Afghan Constitution Provides Little Protection for Religion
When the Afghanistan constitutional assembly, or loya jirga, decided on a new constitution for Afghanistan, everyone from the New York Times to President George W. Bush applauded the document for outlining a Western-style democracy for the country. However, some religious freedom watchers were not so pleased, and say it may provide the basis for a government only slightly less repressive than the Taliban.
The constitution, which isn't yet available online, sets up an elected bicameral legislature and a strong presidency, but it was criticized in its draft form by the United States Commission on International Religious Freedom. In February and April 2003 letters to President Bush, the commission warned of "troubling signs in the human rights situation in Afghanistan, including abuses against women and girls, torture and other human rights abuses committed by official agencies with apparent impunity, and public statements by the Afghan Chief Justice reminiscent of the Taliban period, including charging political opponents with blasphemy."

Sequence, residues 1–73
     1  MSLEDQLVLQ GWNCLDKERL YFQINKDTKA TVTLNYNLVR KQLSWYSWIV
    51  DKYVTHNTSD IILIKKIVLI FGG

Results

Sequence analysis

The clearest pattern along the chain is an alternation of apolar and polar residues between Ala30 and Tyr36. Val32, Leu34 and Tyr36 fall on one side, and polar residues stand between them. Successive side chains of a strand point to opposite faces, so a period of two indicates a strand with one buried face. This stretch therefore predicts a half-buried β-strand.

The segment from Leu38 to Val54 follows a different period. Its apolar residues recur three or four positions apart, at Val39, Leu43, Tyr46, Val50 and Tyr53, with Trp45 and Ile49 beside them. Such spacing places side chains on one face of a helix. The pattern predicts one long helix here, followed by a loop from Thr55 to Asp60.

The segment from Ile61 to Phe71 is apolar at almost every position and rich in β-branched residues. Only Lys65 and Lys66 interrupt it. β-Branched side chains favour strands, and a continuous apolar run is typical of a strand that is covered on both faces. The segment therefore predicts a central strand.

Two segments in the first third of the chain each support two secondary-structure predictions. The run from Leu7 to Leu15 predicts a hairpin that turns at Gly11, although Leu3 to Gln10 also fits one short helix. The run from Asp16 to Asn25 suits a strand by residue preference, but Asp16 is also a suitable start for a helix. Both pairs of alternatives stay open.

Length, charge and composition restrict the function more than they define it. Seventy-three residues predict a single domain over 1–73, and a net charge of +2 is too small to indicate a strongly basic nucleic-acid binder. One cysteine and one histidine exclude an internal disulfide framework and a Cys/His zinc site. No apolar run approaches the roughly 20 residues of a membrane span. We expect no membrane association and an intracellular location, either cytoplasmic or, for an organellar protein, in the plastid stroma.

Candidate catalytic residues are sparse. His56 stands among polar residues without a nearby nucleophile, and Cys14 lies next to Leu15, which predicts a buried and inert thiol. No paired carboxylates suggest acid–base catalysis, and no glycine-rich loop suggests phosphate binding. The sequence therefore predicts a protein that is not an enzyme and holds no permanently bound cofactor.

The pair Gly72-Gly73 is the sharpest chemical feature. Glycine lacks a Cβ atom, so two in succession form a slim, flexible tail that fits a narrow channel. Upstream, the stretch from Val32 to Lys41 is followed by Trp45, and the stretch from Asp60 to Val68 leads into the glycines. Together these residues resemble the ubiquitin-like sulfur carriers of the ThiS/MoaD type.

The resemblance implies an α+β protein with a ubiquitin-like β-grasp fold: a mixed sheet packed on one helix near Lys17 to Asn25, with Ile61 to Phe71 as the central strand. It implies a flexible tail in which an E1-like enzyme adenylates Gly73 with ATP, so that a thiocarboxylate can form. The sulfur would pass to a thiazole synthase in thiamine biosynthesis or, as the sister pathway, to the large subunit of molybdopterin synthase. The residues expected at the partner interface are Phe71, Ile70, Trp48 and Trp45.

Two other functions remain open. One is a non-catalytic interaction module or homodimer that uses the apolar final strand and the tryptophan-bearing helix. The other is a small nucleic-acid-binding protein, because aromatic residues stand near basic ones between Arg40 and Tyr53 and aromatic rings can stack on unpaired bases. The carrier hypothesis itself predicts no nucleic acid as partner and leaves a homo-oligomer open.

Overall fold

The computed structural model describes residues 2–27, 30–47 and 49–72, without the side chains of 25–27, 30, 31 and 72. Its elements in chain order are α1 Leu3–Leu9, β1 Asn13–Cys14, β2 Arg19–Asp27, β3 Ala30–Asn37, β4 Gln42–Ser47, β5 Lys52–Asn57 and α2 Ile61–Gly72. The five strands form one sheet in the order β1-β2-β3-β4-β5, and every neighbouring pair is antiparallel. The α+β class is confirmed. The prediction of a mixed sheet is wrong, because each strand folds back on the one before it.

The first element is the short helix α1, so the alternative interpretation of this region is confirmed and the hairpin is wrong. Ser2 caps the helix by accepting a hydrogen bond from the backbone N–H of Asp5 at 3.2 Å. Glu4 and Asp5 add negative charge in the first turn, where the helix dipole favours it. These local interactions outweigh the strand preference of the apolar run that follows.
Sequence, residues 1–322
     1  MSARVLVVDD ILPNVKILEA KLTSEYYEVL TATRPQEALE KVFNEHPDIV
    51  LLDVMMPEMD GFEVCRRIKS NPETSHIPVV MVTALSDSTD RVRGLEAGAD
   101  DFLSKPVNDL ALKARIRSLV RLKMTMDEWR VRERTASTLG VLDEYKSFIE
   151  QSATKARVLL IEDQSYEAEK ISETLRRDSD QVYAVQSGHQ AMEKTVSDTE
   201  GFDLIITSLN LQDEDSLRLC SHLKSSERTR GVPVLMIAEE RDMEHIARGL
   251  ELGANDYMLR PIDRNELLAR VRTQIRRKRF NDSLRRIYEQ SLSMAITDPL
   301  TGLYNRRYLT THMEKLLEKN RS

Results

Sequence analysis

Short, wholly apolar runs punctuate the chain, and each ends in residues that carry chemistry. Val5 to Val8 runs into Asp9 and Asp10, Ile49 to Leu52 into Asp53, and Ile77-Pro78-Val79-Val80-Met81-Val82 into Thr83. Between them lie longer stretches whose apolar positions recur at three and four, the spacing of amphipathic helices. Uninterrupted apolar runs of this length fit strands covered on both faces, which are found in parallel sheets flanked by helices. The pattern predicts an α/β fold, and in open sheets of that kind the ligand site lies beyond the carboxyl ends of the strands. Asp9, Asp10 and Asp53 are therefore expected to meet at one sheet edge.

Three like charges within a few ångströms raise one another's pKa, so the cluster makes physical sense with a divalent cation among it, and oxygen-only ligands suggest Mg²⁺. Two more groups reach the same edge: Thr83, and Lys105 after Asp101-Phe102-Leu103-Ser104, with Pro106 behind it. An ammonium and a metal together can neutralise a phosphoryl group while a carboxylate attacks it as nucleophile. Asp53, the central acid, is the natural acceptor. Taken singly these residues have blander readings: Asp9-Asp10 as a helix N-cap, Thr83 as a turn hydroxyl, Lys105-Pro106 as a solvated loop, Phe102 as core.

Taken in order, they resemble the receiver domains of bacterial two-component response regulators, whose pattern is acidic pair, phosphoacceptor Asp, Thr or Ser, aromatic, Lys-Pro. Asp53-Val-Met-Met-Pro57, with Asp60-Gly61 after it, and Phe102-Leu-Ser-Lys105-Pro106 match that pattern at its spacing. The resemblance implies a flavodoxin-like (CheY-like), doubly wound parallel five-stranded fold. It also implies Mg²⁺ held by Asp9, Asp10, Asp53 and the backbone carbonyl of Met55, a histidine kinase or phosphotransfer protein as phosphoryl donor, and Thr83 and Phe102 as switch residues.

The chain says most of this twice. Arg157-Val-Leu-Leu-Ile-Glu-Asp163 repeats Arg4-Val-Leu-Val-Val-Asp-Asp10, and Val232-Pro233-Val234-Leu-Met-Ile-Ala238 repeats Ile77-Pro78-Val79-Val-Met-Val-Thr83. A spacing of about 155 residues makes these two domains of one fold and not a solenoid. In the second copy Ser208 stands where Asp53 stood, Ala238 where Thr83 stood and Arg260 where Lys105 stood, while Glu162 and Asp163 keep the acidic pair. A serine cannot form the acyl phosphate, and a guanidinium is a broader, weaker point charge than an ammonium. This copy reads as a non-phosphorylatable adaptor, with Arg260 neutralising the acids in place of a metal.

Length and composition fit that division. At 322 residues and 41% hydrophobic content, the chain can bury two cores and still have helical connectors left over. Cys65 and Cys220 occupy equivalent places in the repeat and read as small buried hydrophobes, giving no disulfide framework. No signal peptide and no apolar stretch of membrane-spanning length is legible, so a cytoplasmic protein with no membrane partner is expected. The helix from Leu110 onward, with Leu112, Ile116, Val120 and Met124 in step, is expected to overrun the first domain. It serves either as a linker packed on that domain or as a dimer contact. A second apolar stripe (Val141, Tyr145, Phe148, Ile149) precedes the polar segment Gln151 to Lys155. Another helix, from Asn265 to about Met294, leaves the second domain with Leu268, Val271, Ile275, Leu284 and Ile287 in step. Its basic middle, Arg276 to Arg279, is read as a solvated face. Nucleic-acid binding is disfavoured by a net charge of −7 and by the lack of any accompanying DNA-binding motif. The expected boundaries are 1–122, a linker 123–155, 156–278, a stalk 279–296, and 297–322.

In an October New York Timesop-ed, members of the commission warned that the drafted constitution "does not yet provide for crucial human rights protections, including freedom of thought, conscience and religion." Because the draft enshrined Shari'ah (Islamic law), the commission worried that "Afghan citizens would continue to be in the hands of judges educated in Islamic law, rather than in civil law."
Now that the constitution has been ratified, religious freedom watchers say they are pleased that some elements of the constitution have been improved, but overall it leaves much to be desired—especially if Afghanistan is to be a model for an Iraqi constitution.
Shari'ah by any other name Reports ...